Anemia is a condition in which you have too few red blood cells. Red blood cells contain a protein called hemoglobin. Hemoglobin carries oxygen from your lungs to your tissues and to your fetus. Iron is required to produce hemoglobin. To help produce more red blood cells, your body requires more iron. You can become anemic if you don't get enough iron. In your pre-pregnancy state, you needed a daily dose of about 18 milligrams of iron. Thanks to your growing fetus, you now require about 27 milligrams of iron per day.
Your doctor can detect anemia with a blood test, which will be performed at your first prenatal visit. Most women pass this initial check for iron deficiency with flying colors. In fact, the majority of expectant mothers start off pregnancy with enough iron stores to last until week 20. At that point in your pregnancy, your blood volume increases tremendously and with the increased volume often the hemoglobin in your blood drops.
Since the symptoms related to anemia often occur normally as a result of pregnancy, it is often not easily identified from symptoms alone. However, the symptoms that accompany anemia include:
Coffee and tea contain compounds that decrease iron absorption. So limit their use at meal times. Vitamin C may help your body absorb more iron. So include foods high in vitamin C, such as citrus juice and fruits, strawberries, bell peppers, dark leafy vegetables, and potatoes. Iron from meat, fish, and poultry is better absorbed than the iron from plant sources. So vegetarians must be especially diligent about taking their prescribed iron supplement.
Effective treatment for anemia is generally taking an iron supplement by mouth. Iron pills are large and difficult for some women to swallow. If so, you can usually break them in half and have one half with breakfast and the other with lunch. Drink a lot of water and eat foods that are high in fiber as iron can be constipating. You doctor may also prescribe you a stool softener.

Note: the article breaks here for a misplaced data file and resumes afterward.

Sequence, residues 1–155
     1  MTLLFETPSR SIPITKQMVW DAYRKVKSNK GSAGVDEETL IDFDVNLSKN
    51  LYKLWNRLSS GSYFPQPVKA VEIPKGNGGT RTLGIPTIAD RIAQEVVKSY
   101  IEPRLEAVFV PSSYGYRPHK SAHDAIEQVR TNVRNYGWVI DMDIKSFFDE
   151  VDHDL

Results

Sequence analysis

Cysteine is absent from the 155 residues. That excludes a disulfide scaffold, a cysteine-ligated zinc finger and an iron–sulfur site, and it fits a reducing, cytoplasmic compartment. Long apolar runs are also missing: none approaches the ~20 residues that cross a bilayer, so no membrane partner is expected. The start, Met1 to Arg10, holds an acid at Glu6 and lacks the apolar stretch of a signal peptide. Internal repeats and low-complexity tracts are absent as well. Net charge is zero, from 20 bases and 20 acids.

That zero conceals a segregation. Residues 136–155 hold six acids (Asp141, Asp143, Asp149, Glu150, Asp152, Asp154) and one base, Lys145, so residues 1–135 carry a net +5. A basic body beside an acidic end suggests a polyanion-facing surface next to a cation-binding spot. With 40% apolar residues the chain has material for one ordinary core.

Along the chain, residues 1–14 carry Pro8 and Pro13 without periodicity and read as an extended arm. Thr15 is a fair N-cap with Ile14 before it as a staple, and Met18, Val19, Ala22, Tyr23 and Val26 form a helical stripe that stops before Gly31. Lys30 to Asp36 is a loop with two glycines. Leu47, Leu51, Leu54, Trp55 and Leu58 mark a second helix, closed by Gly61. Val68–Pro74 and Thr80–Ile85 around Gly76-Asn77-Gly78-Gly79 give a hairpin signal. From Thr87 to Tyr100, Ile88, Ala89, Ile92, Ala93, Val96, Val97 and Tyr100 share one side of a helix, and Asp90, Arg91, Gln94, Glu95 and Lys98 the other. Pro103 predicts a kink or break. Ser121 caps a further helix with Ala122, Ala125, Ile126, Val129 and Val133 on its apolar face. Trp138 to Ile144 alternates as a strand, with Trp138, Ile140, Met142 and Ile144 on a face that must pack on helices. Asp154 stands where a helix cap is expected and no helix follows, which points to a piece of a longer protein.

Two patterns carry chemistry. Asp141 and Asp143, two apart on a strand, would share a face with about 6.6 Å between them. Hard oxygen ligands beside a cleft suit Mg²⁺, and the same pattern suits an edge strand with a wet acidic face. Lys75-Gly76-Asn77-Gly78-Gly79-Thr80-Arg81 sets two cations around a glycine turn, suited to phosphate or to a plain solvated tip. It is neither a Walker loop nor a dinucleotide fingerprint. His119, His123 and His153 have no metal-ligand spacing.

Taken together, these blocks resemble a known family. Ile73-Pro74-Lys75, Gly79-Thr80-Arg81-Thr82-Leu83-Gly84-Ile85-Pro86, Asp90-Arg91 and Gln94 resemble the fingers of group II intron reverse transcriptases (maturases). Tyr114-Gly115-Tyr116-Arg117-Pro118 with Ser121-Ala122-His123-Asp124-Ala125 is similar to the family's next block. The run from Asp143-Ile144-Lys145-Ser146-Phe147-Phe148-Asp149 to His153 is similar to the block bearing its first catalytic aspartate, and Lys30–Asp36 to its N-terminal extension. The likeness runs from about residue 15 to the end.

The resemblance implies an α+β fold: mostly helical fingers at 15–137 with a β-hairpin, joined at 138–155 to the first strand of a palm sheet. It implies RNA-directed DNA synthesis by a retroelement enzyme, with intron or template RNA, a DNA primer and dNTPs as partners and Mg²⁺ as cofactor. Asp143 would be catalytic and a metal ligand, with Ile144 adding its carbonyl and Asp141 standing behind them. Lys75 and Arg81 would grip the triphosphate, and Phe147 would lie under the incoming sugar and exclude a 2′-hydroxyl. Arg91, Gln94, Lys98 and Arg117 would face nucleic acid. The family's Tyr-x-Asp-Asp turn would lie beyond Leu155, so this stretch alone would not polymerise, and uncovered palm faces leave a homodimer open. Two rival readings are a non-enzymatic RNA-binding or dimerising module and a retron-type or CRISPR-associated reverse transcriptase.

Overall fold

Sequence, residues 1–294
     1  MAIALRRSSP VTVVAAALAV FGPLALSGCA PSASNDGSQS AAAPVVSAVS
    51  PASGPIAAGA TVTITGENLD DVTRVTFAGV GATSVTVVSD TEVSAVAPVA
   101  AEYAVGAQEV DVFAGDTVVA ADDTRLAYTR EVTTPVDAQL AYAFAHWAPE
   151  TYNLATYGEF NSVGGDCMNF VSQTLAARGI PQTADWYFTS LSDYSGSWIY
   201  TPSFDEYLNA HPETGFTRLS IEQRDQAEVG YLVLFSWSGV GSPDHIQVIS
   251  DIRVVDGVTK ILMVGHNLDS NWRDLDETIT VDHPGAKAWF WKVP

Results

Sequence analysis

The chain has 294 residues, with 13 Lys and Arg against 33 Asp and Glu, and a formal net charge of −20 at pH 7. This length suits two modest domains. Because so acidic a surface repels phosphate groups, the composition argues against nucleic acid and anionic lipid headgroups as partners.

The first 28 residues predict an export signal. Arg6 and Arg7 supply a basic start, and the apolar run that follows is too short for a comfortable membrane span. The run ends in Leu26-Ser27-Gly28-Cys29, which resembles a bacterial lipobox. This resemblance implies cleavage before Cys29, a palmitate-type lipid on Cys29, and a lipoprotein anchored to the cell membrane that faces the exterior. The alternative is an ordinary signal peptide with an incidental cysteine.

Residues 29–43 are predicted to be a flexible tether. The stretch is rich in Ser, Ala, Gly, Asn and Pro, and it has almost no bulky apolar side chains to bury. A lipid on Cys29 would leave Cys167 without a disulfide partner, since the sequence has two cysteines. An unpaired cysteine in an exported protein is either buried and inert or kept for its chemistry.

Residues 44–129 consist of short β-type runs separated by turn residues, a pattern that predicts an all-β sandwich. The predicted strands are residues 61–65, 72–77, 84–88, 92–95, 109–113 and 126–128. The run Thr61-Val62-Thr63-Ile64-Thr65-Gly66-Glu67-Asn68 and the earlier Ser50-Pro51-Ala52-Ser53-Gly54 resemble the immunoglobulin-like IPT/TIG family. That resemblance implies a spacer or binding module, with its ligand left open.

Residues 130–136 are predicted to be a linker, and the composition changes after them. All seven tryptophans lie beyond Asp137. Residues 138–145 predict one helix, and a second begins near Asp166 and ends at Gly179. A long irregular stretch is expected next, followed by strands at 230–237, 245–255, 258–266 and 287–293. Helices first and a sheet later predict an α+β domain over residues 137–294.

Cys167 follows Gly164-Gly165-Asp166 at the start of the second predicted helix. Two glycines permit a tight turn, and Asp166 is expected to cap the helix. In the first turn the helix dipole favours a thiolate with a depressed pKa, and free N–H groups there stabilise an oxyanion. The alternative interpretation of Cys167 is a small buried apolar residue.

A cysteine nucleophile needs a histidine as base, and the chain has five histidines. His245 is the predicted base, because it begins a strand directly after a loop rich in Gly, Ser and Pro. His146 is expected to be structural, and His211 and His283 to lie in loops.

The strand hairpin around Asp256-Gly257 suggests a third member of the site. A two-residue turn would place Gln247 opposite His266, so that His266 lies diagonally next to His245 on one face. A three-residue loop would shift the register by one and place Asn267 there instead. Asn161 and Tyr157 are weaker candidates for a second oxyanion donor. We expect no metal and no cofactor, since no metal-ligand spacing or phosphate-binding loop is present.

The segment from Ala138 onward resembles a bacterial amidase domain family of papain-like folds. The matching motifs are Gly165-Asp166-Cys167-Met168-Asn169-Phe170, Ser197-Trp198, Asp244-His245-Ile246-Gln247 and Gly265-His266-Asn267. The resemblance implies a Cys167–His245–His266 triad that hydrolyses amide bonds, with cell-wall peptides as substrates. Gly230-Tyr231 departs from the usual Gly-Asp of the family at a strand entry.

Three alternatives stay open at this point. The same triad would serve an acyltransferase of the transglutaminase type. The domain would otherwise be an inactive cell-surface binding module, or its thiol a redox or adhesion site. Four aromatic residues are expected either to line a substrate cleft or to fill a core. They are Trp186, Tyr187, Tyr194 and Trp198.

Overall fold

Women who are unable to tolerate oral iron will be given iron through an intravenous infusion. Increasing the iron in your diet will also be encouraged. If the anemia is severe and was coupled with any kind of blood loss, then you might need a blood transfusion, but this is unusual.
Severe anemia increases the risk of problems in pregnancy, including prematurity, low birth weight, and stillbirth. Even mild anemia is risky for mothers, because all women lose a fair amount of blood at the time of delivery, and it's not good to start out with low blood counts.
For the best outcomes, avoid anemia during pregnancy by taking your prenatal vitamins, as well as any iron supplements your doctor recommends.
Review Date: 12/9/2012
Reviewed By: Irina Burd, MD, PhD, Maternal Fetal Medicine, Johns Hopkins University, Baltimore, MD. Review provided by VeriMed Healthcare Network. Also reviewed by David Zieve, MD, MHA, Isla Ogilvie, PhD, and the A.D.A.M. Editorial team. A.D.A.M. Editorial Update: 06/11/2014